Lessons from Procter & Gamble: ‘One-Page Memo’ to Sell an Idea

In effective communication, less is often more. Brevity can communicate ideas more clearly.

Procter & Gamble (P&G) Logo Based on this idea, Procter & Gamble (P&G)’s corporate culture uses a powerful discipline called the ‘One-Page Memo’ for clear and concise communication.

P&G’s corporate culture requires any idea or proposal to fit onto one side of one piece of paper and must follow a predictable format. According to Charles Decker’s excellent book Winning with the P&G 99, the one-page memo consists of the following narrative elements:

  • Statement of Purpose: An introductory sentence that concisely and succinctly states the reason for the recommendation. Provides a context for the memo as a whole.
  • Background: Factual analysis that connects the purpose of the memo to the strategic objectives of the company or the brand. Also provides facts in relation to the problem the recommendation is supposed to address.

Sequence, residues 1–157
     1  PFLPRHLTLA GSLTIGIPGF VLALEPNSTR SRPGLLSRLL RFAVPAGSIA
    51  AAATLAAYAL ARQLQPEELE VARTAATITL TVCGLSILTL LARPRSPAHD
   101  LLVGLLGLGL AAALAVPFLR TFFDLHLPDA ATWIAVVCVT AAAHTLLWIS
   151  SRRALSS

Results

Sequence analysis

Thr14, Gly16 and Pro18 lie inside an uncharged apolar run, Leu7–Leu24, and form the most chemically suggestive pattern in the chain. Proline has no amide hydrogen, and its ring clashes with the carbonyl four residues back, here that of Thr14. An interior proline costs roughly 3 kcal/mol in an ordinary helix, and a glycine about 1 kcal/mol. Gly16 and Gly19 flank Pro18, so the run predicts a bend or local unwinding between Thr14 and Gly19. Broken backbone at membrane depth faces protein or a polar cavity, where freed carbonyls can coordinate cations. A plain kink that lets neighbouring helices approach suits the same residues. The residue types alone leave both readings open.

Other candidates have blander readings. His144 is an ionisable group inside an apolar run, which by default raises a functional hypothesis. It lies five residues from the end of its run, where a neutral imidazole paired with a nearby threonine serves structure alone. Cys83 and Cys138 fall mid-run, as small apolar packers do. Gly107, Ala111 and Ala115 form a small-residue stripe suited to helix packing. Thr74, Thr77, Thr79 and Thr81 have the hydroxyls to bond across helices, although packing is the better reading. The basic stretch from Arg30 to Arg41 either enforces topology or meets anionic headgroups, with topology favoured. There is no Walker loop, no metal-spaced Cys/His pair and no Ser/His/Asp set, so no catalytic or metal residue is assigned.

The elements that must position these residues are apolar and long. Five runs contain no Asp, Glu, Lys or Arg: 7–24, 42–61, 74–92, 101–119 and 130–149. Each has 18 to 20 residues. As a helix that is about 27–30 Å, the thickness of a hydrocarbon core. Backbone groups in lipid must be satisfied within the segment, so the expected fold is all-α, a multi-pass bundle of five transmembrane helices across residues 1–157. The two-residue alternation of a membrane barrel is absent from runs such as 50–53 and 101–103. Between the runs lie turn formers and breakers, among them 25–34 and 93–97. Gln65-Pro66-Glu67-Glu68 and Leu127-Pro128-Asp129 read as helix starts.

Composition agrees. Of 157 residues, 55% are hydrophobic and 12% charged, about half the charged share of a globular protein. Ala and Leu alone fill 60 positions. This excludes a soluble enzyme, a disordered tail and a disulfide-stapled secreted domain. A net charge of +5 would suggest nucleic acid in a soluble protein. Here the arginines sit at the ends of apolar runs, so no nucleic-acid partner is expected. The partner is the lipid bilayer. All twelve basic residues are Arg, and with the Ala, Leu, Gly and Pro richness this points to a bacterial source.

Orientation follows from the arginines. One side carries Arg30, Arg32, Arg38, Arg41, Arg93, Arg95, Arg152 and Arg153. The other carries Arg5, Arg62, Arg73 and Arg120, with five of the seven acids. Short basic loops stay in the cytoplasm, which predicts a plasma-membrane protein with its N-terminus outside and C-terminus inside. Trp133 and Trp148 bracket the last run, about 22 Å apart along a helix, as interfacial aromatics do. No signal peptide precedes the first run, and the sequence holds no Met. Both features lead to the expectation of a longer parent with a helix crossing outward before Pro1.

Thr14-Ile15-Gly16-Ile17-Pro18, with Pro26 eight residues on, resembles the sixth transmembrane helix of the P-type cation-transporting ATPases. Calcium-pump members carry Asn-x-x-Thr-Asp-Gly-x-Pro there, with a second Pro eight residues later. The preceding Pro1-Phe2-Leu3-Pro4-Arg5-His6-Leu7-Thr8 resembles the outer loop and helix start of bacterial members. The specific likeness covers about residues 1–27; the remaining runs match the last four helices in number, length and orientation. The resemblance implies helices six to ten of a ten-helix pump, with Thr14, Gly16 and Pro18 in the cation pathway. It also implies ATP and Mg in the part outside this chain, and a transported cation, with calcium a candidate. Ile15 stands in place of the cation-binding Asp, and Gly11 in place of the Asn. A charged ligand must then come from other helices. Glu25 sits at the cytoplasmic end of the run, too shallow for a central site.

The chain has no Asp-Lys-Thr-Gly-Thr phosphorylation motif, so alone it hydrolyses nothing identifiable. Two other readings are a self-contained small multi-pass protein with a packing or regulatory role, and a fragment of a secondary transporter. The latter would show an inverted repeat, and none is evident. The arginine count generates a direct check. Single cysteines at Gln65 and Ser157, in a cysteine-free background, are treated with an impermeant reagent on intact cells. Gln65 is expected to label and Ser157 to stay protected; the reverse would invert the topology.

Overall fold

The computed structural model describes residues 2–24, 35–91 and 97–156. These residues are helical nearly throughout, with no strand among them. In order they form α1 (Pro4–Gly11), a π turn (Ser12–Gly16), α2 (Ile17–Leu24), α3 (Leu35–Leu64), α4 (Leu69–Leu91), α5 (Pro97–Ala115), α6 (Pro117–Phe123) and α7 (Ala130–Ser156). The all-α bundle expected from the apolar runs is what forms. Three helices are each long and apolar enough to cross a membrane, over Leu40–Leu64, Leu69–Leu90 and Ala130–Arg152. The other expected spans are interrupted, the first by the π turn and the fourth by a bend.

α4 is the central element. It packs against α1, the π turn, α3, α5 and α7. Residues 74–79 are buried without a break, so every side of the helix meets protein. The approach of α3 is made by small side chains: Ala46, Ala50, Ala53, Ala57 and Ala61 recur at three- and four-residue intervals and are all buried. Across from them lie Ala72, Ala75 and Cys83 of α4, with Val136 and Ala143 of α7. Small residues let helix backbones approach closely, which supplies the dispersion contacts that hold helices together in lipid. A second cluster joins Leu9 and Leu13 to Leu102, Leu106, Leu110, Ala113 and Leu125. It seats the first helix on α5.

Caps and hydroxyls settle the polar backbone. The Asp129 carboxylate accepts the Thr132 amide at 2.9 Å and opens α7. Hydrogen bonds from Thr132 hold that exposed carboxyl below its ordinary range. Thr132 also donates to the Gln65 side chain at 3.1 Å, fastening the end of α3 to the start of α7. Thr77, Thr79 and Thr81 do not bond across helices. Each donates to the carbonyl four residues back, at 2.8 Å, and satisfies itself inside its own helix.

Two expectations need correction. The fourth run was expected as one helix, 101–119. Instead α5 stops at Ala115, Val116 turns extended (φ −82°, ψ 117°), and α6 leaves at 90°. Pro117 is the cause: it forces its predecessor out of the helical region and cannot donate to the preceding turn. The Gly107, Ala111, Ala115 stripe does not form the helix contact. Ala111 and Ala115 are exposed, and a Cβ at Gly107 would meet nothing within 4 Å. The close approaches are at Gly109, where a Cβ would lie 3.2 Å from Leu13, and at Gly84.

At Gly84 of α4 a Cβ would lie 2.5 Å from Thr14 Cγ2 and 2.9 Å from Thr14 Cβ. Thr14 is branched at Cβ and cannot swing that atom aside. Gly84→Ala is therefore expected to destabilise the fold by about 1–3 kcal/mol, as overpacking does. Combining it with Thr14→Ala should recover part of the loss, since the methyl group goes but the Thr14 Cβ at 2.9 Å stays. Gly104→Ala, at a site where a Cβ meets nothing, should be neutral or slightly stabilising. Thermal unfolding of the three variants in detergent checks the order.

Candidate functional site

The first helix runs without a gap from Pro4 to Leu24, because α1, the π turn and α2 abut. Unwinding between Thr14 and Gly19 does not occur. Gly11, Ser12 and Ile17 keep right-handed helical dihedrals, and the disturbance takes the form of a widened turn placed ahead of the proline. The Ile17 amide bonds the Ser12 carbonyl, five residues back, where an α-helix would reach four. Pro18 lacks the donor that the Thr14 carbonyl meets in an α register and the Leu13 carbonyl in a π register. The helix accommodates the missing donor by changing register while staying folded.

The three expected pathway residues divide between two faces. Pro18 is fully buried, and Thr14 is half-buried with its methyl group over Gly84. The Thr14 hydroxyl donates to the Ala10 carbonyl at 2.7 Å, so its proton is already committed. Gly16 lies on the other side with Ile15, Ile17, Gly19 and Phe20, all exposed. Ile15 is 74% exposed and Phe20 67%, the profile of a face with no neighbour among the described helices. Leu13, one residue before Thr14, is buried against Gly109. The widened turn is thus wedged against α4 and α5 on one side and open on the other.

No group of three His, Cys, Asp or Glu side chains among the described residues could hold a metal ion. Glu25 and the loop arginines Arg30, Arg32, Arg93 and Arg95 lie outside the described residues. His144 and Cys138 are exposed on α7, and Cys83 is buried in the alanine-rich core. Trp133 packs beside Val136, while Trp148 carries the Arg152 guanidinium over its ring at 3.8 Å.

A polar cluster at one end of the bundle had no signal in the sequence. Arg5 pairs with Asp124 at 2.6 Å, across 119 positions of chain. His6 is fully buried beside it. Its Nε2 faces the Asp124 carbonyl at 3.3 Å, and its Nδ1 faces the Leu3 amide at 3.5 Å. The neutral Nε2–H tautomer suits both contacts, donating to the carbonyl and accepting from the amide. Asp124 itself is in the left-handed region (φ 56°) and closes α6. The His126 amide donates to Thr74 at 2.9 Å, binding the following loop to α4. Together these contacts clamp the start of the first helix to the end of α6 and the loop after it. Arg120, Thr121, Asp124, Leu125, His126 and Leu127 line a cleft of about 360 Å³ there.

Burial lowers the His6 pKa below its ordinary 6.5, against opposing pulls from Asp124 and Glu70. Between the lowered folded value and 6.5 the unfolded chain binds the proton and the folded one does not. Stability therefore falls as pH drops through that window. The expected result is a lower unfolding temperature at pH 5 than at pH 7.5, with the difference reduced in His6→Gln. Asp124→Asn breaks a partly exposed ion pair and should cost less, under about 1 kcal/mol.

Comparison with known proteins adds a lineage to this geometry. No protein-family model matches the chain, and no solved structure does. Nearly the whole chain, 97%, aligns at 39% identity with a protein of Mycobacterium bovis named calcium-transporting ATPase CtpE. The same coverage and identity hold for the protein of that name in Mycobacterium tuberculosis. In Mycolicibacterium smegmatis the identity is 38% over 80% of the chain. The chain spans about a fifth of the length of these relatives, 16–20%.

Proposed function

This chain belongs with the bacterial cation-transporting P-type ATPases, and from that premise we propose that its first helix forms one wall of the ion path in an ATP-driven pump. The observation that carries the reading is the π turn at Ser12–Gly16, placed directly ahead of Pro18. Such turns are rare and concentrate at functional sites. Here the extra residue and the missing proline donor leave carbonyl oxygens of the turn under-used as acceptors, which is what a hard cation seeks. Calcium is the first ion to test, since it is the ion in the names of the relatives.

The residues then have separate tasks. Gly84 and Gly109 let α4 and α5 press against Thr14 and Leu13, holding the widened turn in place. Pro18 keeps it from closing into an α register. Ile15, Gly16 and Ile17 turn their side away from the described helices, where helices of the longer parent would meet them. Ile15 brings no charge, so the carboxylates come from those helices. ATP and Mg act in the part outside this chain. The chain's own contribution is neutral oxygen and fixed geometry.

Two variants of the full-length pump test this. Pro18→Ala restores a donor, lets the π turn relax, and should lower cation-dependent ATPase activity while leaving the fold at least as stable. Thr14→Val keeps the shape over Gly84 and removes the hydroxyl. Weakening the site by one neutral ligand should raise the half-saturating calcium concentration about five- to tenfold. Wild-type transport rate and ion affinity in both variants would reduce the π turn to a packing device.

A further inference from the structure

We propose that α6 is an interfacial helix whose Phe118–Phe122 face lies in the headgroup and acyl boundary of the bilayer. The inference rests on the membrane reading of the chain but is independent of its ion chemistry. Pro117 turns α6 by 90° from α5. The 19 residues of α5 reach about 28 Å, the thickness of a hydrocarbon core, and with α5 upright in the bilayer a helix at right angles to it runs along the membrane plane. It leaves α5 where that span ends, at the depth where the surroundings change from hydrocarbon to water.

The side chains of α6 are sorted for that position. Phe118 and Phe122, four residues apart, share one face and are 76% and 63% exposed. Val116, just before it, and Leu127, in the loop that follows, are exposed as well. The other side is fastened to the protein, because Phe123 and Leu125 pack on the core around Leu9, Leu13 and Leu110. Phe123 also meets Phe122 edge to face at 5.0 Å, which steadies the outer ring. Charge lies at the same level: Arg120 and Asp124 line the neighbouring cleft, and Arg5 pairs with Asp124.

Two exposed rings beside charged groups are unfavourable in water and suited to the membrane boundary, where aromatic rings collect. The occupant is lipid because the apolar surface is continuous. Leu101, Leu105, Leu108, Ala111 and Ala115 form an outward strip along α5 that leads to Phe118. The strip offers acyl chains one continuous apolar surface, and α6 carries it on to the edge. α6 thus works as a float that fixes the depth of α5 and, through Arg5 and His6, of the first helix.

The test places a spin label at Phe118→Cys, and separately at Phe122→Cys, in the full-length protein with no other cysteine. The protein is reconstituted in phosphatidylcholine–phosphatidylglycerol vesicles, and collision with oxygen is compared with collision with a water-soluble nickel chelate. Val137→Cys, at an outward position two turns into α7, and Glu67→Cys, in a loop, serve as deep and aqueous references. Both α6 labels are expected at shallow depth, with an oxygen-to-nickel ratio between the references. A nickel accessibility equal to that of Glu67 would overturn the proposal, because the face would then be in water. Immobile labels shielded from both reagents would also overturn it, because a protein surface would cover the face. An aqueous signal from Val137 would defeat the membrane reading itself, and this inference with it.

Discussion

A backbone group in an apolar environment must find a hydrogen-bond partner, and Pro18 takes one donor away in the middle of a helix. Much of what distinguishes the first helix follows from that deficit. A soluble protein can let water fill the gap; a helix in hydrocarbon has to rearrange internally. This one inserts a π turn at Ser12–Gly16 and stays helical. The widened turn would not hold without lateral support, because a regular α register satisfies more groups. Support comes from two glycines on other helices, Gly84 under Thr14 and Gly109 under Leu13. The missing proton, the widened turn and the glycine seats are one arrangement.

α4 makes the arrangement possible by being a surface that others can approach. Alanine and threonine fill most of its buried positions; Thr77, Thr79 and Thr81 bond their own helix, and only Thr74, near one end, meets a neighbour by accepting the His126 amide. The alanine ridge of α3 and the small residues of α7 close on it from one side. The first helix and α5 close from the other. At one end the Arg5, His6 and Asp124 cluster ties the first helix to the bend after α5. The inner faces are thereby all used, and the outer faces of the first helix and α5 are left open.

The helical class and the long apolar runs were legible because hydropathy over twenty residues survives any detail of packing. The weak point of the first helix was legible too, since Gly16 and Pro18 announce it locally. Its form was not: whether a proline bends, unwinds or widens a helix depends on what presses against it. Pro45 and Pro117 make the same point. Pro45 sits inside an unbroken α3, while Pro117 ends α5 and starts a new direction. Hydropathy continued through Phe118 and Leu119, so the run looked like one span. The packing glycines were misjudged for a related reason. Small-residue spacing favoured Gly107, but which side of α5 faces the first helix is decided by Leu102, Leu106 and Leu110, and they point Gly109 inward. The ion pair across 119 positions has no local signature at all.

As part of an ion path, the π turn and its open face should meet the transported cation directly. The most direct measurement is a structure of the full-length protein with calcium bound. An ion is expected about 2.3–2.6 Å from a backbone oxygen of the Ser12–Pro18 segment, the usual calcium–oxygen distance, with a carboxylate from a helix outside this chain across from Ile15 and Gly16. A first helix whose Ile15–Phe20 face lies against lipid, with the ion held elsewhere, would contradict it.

• Recommendation: The specific proposal on how to solve the problem or exploit the opportunity detailed in the background section.
  • Rationale: The reasons for the recommendation, and the logic by which the recommendation was reached.
  • Discussion: Details of the recommendation, anticipated questions or areas of concern, risk assessment, identification of other alternatives, details of the recommendation.
  • Next Steps: Who will be following through on the recommendation, what target dates they would be working towards, what actions they would be taking to execute the recommendation.
  • Supporting Exhibits: Other supplementary information as applicable.

The last item, the supporting exhibits, provides additional data to validate the rest of the one-page memo.

Charles Decker states, “If you can learn to write a P&G memo, you can learn how to think. The memo becomes a knowledge codification tool, a way to present ideas, arguments, and recommendations in a language and style everyone at P&G understands.”

Winning with the P&G 99 also quotes an advertising agency executive: “P&G seems to have figured out that if you structure information certain ways, people will readily understand it, good ideas will emerge, and bad ideas will be exposed. I really think that is what has made them so successful. They make fewer mistakes because they find mistakes before they happen.”

Additionally, P&G’s renowned salesforce uses a Persuasive Selling Format (PSF) narrative that is structured along similar lines.

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